Thermal Distress and Heat Injury - Heat stroke and Heat Syncope

Heat stroke is difficult to distinguish from heat exhaustion, because sweating may continue. Heat stroke represents thermoregulatory failure, with reduction in skin blood flow in order to maintain the central circulation. Core temperature is more elevated, usually 40 degrees Celcius or higher.

CNS symptoms predominate: unsteady gait, confusion, combative behavior, reduced consciousness, and coma , These s/s represent a medical emergency.

1)Move to a cool, shaded area. Lie down with feet elevated.
2)Loosen or remove clothing.
3)Begin cooling at once, if temperature is elevated. In the field, it may necessary to assume that temperature is elevated, as  taking a rectal temperature may not be feasible. Oral or axillary temperature is quite unreliable. Apply cool water, and fan to increase evaporation. Apply ice packs over major vessels in neck, axillae, groin. Cool to a rectal temperature of 39 degrees Celcius.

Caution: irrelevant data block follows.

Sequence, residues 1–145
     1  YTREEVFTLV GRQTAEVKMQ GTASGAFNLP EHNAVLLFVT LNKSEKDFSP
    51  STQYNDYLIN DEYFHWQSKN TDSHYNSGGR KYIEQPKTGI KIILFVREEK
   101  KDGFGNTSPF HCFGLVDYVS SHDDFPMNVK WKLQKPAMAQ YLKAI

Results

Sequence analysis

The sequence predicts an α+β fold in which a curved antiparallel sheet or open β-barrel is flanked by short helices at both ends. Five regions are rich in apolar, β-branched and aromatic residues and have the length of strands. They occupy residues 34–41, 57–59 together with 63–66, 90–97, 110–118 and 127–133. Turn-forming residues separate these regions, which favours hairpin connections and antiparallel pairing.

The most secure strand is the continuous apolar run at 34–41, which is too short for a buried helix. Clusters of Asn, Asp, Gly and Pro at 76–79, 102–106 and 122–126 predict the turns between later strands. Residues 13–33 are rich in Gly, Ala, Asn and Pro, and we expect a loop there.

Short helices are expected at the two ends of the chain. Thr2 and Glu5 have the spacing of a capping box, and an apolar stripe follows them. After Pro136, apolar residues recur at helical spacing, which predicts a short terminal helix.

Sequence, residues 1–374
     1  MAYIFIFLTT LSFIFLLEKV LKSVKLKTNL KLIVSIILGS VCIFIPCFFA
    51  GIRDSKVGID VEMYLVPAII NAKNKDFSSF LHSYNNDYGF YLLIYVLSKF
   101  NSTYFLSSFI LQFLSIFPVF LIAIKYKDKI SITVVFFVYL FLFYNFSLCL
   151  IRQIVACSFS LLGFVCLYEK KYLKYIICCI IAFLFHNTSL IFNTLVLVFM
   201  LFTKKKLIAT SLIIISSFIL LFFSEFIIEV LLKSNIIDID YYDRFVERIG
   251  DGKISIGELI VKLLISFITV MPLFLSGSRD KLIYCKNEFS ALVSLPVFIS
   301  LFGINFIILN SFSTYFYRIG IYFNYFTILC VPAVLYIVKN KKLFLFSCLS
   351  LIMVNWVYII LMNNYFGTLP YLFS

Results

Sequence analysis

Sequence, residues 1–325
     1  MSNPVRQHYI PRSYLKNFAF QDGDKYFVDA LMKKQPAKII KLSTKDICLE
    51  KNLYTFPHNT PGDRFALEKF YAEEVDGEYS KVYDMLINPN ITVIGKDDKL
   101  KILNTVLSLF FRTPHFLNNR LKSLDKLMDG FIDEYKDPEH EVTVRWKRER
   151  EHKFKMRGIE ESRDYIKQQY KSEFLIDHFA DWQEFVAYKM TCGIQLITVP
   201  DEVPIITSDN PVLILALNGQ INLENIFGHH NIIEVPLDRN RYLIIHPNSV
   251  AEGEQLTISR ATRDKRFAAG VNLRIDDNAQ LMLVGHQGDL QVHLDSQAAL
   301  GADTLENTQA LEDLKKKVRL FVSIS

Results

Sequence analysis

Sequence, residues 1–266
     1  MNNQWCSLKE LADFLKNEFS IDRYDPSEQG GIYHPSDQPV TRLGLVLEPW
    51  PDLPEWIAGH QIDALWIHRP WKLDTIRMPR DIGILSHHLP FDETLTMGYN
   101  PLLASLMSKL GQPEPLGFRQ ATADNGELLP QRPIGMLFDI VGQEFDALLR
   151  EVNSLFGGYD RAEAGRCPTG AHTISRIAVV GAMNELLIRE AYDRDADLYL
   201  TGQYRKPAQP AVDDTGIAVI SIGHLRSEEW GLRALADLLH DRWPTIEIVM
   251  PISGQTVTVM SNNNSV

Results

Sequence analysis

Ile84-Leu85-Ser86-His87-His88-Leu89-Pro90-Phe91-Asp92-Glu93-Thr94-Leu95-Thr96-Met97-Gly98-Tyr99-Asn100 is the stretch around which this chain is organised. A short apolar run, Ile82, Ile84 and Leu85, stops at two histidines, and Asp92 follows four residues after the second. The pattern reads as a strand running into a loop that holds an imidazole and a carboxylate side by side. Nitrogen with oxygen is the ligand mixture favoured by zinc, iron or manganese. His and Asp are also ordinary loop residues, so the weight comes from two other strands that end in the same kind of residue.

4)Re-hydrate, orally if conscious and not nauseated;
5)Evacuate to a medical facility if serious mental or neurologic defects occur. Manage as a medical emergency, with  monitoring of cardiac, neurologic, and renal function, and electrolyte balance.

Heat Syncope is syncope is related to heat exhaustion but can occur even without major sweat loss. It typically occurs after exercise - the person stops moving, blood pools in the lower extremities, and the person faints. It tends to occur in unacclimatized people at the beginning of summer. Heat syncope can occur secondarily to heat exhaustion or can occur independently.
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